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    Fantasia Got Real About Surviving An Overdose In 2010 And How She Recovered

    “I’m going to speak into every young person’s life and tell them, ‘Don’t you dare give up.’”

    This post features discussion of substance abuse and suicidal ideation.

    The forthcoming film adaptation of the beloved The Color Purple musical is one of the most anticipated films of the holiday season.

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    The Color Purple is a musical adaptation of the 1982 novel from Alice Walker; Steven Spielberg also directed a film adaptation of the book in 1985.

    The film will include singer and former American Idol winner Fantasia Barrino's silver screen debut as Celie Harris-Johnson.

    Fantasia onstage

    The role is a bit of a full-circle moment for Fantasia, who also starred as Celie during part of the show's Broadway run — from 2007 to 2008, specifically.

    Fantasia in "The Color Purple"

    In 2010, Fantasia was hospitalized after overdosing on sleeping pills and aspirin — and in a new interview with Variety in anticipation of the upcoming The Color Purple film, Fantasia opened up about what she was going through during that time in her life.

    Closeup of Fantasia

    Fantasia told the publication that the overdose took place after dealing with a variety of personal issues, including the pressures of financially supporting her family and a lawsuit from her father regarding her 2005 memoir Life Is Not a Fairy Tale.

    Closeup of Fantasia on the red carpet in a metallic dress

    "I just wanted the noise to stop," she said.

    Closeup of Fantasia

    Fantasia also said that, while being hospitalized, an interaction with a nurse who brought her magazine covers with her face on them helped her recover.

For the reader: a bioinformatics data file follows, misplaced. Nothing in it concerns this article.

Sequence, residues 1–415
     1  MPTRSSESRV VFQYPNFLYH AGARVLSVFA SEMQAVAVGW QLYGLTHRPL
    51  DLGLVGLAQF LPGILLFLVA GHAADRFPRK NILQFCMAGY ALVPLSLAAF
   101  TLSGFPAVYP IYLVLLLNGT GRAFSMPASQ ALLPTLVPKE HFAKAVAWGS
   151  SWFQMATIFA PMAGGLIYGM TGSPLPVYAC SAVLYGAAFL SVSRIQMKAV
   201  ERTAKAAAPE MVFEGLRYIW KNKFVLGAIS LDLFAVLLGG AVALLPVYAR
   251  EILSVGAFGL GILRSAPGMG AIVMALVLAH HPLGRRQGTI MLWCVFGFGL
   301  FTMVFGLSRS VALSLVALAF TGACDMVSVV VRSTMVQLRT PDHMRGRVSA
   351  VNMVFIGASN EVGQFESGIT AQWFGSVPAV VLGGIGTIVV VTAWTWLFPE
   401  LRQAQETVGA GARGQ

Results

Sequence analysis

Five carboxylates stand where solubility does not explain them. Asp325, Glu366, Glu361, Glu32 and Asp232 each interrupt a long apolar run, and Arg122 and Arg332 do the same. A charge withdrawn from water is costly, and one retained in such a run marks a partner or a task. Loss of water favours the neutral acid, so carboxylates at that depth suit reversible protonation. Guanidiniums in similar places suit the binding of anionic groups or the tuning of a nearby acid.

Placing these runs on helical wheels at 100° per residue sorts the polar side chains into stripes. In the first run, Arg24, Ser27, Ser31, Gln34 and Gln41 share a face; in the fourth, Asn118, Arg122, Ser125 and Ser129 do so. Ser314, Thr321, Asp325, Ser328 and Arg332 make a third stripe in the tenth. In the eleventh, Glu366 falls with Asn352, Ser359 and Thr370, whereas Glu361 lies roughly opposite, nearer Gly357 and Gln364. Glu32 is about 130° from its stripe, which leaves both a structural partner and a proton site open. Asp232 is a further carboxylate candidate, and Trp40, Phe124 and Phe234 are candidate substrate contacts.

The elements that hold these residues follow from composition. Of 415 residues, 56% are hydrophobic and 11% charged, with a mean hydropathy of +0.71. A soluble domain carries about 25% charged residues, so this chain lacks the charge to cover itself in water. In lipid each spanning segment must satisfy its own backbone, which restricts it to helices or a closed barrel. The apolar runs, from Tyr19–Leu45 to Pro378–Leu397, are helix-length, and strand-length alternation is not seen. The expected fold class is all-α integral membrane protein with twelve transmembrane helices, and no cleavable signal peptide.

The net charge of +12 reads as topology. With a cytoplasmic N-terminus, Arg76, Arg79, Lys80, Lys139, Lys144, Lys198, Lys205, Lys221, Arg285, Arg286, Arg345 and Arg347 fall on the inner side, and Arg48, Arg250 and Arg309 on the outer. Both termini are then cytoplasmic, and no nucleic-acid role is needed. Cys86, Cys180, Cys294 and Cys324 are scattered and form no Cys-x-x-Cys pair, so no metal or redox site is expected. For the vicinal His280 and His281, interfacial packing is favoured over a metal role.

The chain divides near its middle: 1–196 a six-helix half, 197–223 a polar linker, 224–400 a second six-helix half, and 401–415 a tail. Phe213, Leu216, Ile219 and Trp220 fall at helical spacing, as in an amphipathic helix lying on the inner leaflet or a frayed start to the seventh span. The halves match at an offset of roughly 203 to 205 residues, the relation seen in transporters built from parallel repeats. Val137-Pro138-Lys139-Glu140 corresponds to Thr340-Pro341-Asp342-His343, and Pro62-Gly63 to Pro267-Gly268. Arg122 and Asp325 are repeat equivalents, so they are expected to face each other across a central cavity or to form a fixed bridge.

Closeup of Fantasia

    "You see that young lady,” she recalled the nurse saying to her. “She’s strong. She’s a blessing. Don’t you come back in here no more. You fight.”

    Closeup of Fantasia at a media event

    “I left that hospital and said, ‘I’ll never do that again, because I have purpose,’” she told the publication about how she felt afterwards. “I’m going to speak into every young person’s life and tell them, ‘Don’t you dare give up.’”


    “I don’t care if it gets ugly again. I don’t care if there’s storms. I realized I have the spirit of an eagle. They fly over storms.”

    Fantasia onstage

    Read the entire profile here.

    If you or someone you know is struggling with substance abuse, you can call SAMHSA’s National Helpline at 1-800-662-HELP (4357) and find more resources here.

    The National Suicide Prevention Lifeline is 1-800-273-8255. Other international suicide helplines can be found at The Trevor Project, which provides help and suicide-prevention resources for LGBTQ youth, is 1-866-488-7386.

    The National Alliance on Mental Illness helpline is 1-888-950-6264 (NAMI) and provides information and referral services; is an association of mental health professionals from more than 25 countries who support efforts to reduce harm in therapy.